By Keith Fisher
How do you like the new look? Some of our group felt we were in need of change. Leave comments and tell us what you think.
Over at another blog, I’ve been talking about giving thanks in a series of blogs about Thanksgiving. Since the big dinner is this week, I thought I’d mention a promise. "He who receiveth all things with thankfulness shall be made glorious; and the things of this earth shall be added unto him, even an hundred fold" (D&C 78:19).
Is there a specific blessing you are supplicating God for? Show gratitude to Him by giving yourself to others. I know it’s hard to look past the turkey and stuffing, but there are people in need in your life. If your kids asked you for a dollar and didn’t thank you for it, how eager would you be to reach for your wallet next time?
May all the joy and happiness of the season be yours this year, and may all your associates be blessed because they have known you.
Just a quick note about last week’s blog then I’ll stop talking about it. I received a comment from Kent Larsen (here are his credentials). It was a great comment. I would like to clarify a few things.
Thanks for sharing Kent. You asked if I remember John Jakes. Yes, sir, I do. In fact, I loved The Kent Family Chronicles when it was new. It is a wonderful treatise on the birth of America and early US history. Im sure you know he is still selling new books.
I'm sorry, if I gave anyone the impression that I want to "throw out classic literature." Nothing is farther from the truth. In fact I want people to learn about, and have access to every book ever written. In the sixties I read Child's Garden of Grass, Breakfast of Champions, Catcher in the Rye and many other books of the time. Have you read Kurt Vonnegut? His books are full of, in your words, . . . "great ideas--social criticism, messages about how society should form itself and act".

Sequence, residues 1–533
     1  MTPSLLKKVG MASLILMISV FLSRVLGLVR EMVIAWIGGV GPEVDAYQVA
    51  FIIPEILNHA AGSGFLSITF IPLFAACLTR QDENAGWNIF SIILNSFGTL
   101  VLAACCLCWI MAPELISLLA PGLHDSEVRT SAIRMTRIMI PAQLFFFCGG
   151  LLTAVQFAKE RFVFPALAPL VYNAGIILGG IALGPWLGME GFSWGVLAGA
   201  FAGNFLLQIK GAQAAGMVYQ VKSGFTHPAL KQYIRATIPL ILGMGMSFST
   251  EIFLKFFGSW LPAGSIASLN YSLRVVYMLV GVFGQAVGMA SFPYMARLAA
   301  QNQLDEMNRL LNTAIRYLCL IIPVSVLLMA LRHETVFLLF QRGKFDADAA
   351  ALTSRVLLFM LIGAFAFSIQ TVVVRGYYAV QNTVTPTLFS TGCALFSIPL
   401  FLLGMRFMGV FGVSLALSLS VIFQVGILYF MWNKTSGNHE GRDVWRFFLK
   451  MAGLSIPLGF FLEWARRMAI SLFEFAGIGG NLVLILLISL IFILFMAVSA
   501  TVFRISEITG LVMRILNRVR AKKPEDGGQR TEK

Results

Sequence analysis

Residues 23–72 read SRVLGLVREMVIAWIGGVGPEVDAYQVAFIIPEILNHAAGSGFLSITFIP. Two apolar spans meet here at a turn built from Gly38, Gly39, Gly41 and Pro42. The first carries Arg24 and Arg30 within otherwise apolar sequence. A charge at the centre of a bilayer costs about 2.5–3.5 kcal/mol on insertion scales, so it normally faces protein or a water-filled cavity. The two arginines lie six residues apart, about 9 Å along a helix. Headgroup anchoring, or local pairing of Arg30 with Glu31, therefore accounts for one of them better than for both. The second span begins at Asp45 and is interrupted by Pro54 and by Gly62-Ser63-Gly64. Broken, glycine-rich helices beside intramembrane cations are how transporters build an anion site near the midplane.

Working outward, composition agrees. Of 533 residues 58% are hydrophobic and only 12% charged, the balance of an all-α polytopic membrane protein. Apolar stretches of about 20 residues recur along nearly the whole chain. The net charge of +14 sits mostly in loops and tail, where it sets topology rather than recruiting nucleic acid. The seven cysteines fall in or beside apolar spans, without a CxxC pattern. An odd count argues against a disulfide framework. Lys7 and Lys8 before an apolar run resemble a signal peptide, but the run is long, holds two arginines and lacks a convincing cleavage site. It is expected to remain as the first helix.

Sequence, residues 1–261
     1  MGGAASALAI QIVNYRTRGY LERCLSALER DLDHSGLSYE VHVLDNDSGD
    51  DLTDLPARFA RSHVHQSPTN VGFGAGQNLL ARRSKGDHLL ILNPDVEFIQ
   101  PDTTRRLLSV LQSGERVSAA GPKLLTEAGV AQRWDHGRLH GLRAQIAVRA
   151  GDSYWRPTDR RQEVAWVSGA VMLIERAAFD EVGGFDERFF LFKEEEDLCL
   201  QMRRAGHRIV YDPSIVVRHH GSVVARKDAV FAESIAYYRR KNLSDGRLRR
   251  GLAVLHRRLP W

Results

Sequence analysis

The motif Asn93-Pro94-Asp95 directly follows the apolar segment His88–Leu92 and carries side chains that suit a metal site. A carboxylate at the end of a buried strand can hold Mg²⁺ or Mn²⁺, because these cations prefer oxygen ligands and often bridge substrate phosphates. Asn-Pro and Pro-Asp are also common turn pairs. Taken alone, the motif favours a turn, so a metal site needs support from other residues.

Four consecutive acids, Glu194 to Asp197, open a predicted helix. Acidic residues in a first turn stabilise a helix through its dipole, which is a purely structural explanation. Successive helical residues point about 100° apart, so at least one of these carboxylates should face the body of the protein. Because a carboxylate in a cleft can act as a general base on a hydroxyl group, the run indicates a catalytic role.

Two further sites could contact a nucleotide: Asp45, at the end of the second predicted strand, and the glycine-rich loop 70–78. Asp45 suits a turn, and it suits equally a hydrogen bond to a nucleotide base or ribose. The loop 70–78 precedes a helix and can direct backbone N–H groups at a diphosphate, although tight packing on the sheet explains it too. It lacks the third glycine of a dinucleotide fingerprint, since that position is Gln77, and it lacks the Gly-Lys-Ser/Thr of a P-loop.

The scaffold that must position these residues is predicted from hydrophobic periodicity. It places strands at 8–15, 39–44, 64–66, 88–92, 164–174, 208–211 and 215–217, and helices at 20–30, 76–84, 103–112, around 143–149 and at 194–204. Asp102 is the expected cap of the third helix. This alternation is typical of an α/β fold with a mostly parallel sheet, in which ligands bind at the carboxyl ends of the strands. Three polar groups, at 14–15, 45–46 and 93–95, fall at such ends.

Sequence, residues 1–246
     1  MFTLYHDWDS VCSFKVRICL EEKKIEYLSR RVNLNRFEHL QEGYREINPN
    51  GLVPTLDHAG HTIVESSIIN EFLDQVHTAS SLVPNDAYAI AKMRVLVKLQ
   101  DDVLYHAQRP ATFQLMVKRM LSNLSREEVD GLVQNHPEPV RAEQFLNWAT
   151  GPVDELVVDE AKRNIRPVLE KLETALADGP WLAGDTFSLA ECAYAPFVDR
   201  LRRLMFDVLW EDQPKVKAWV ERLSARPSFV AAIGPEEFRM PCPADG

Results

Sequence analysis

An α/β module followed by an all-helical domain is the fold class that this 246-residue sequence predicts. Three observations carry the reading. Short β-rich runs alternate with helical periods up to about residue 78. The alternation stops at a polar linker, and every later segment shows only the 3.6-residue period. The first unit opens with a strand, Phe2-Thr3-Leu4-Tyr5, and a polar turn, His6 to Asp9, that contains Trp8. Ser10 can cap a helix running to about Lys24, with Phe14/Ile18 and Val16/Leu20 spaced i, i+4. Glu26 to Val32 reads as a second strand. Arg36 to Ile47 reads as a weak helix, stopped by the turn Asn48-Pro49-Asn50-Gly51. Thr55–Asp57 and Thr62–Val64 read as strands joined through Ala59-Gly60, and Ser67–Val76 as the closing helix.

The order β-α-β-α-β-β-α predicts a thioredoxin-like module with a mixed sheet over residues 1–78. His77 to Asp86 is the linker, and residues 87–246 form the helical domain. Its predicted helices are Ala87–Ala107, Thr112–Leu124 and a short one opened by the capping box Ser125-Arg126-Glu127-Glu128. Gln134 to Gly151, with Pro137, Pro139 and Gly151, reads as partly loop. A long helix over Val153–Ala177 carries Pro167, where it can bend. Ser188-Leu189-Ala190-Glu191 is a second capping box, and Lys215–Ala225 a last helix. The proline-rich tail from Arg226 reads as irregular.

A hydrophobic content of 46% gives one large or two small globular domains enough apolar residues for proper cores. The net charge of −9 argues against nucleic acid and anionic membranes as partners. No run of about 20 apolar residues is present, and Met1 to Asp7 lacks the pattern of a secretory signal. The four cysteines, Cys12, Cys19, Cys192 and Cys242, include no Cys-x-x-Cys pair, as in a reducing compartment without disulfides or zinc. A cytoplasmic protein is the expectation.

Perhaps he’s not a classic author because he is also a little controversial, and not to everyone’s taste.
In my short life, I’ve discovered people are either interested in something or they aren't. I totally agree with you about Dickens. I love the way he talked about people in need. I love Victor Hugo for the same reasons. It never ceases to amaze me, however, how many people love to watch Les Miserables in the play, but they never catch the spirit of it, and they never begin to use their blessings to help others.
The point I’ve been laboring over is not bashing classic literature. The point is that literature shouldn't have to be literary. I want people to stop judging popular fiction by the yardstick of the English teacher. During the time that many of the "so called" classic authors were writing, Mark Twain wrote popular fiction. Plain and simple—you don't have to search between the lines to find the social lessons. They hit you square in the face.
Twain was compared to the authors of his time and found lacking, but many people read his stories because they liked to read them. For whatever reason, they liked them. I don’t like Mary Shelly’s Frankenstien, and I don’t like much of Ernest Hemmingway. I have friends who love Twilight, but I don’t. I have friends who hate The Children of the Promise, and Hearts of the Children series’ but I love them. The point is everyone has different tastes.
As for the question, will reading popular fiction lead to reading the classics? Maybe not, but forcing a kid to eat Green Beans at the dinner table probably won’t teach that kid to love green beans. Likewise, forcing a kid to read classic literature because of the great life’s lessons contained therein probably won’t teach them to love the beauty of it, or even teach them the lessons.
Thanks again for letting me rant, and Thanks, Kent, I like the way you think.
Good luck in your writing—see you next week, and don’t eat too much on Thursday.